MARTIN GRANVILLE SMITH

 

 

Martin Granville Smith was born in DeKalb County, Ala., near Rising Fawn, Georgia March 27, 1889.  While he was a child, the family moved across the line into Dade County, Georgia.  He died in the city of Chattanooga, Tenn., on Friday, April 16, 1920.  He was the son of Lonnie Smith, a substantial and well to do farmer of Dade County.  His mother’s maiden name was Rebecca Blevins.  The deceased was educated in the common schools of DeKalb County, Ala., and Dade County, Georgia; he also attended the University of Tennessee at Knoxville.  At about the age of nineteen he became a teacher in the public schools of Dade County which vocation he followed for several years and until his election as Clerk of the Superior Court of that County, filling this office with credit for two terms.  In his early youth he formed an ambition to became a lawyer and while teaching school and acting as Clerk of the Court he studied law; taking a course in a correspondence school.  He was of an independent turn of mind and did this in spite of the fact that his father was a man of ample means and would have gladly permitted him to have attended law school.  Before the expiration of his last term as Clerk of the Superior Court, he was in October 1914, elected to the House of Representatives of the Georgia committee assignments.  The so-called Bone Dry Law was passed during his first term in the Legislature after an exciting and close fight in which the deceased was one of the leaders of the temperance forces in the House.  By reason of his close application to his law studies, his practical experience with legal matters as Clerk of the Court, and as a member in the Georgia Legislature.  Mr. Smith was, at the time of his death, one of the best young lawyers in North Georgia and enjoyed a lucrative practice in the counties of Dade, Walker and Catoosa.  Prior to the entrance of the United States into the World War he had for the second time been elected to represent Dade County in the Legislature which fact would have exempted him from military duty.  His term of office did not expire until the 4th Monday in June 1919, but as soon as the June session of 1917 adjourned he tendered his resignation, made his application and was accepted as a candidate for an officer’s commission and sent to Camp Taylor, near Louisville, Ky., where he was in training when the armistice was signed.  As soon as he was discharged, he laid aside his soldier’s uniform and actively resumed his law practice which, during his absence, had been looked after by his devoted friend, M.L. Harris of Ringgold, Georgia.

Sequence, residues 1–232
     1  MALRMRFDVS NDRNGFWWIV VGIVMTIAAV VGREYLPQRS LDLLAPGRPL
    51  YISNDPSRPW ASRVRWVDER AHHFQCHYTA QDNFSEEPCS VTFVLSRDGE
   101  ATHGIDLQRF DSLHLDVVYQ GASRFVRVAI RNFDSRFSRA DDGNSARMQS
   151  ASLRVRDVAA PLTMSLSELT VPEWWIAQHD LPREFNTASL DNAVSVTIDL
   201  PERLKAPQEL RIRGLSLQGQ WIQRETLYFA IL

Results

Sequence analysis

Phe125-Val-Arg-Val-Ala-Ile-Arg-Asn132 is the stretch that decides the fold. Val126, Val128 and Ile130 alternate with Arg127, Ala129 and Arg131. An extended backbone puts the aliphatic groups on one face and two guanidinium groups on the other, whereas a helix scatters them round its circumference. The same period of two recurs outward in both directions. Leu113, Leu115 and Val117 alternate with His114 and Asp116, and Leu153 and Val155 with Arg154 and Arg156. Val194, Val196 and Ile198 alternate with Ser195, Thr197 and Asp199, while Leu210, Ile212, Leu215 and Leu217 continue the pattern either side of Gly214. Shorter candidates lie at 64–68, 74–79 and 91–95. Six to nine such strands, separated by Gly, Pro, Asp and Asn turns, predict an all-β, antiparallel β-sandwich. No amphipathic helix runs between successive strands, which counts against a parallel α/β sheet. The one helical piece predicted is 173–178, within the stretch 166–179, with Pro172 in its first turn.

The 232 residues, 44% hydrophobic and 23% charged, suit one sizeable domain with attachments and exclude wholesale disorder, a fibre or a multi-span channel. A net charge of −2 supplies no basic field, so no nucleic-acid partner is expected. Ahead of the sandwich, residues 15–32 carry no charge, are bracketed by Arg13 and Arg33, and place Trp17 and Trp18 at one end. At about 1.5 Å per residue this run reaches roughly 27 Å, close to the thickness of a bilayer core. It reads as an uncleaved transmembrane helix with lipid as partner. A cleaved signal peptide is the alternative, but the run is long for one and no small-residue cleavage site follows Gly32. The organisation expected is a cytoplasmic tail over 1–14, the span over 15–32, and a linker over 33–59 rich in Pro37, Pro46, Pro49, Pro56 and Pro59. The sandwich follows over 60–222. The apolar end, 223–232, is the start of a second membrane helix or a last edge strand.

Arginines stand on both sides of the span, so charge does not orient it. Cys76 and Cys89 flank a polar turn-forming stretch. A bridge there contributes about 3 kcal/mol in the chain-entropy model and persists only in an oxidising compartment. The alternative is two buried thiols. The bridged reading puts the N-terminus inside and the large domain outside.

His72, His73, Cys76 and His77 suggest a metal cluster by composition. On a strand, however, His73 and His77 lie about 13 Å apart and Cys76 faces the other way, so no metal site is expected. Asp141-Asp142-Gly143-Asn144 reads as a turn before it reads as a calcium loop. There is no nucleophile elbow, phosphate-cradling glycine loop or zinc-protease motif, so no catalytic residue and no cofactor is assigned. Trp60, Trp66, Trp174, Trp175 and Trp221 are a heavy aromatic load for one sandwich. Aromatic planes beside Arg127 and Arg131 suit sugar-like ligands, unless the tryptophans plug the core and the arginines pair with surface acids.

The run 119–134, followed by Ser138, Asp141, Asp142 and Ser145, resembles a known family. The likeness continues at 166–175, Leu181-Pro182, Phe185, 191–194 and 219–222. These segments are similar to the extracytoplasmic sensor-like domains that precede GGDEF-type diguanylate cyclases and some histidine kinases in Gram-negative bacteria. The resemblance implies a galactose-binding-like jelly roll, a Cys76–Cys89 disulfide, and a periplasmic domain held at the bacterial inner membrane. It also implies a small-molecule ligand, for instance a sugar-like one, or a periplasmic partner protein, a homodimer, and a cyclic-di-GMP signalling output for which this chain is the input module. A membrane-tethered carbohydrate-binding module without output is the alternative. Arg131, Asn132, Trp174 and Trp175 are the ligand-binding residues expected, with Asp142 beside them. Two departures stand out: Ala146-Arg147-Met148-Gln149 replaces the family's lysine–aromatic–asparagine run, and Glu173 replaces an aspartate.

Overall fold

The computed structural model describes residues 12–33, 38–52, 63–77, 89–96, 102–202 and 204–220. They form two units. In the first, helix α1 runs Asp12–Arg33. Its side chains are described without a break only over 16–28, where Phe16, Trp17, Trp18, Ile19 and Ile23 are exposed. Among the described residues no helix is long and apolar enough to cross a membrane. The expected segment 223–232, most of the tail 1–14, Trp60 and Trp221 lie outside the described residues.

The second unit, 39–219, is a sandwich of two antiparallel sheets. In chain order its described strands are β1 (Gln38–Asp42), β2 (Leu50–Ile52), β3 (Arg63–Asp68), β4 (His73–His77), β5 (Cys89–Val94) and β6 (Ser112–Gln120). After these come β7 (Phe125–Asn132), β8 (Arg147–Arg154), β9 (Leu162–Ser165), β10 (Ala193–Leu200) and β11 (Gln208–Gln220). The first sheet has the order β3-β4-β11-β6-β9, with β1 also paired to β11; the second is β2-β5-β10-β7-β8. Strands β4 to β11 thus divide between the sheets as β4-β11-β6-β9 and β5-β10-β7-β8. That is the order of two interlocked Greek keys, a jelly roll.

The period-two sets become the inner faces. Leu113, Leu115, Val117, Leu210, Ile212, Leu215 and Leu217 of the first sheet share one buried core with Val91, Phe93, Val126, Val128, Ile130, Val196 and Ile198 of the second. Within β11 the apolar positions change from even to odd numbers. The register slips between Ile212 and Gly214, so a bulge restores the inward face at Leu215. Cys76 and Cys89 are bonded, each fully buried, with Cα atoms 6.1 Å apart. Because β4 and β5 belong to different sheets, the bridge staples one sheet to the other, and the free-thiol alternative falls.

The deceased left surviving him besides his father and mother three sisters, Mrs. Ida M. Gearrin and Misses Lillian and Anna Smith and two brothers, William and J.R. Smith, all of Rising Fawn, Georgia.  A younger brother, Bert Smith, died at San Diego, California, while in the United States Navy on December 8, 1918.

 

THERFORE BE IT RESOLVED by this meeting of the members of the Chattanooga bar that as a tribute of respect to the memory of our departed friend and brother that this memorial be adopted, that a copy be transmitted to his sorrowing mother, father, sisters and brothers and that copies be furnished to the Courts of record in Tennessee and Georgia where he had been enrolled and that requests be made of such courts that the same be spread upon their minutes for which purpose the chairman of this meeting will appoint suitable committees.  (Used by permission HISTORY OF DADE COUNTY GEORGIA, Retired Senior Volunteer Program, 1981.)




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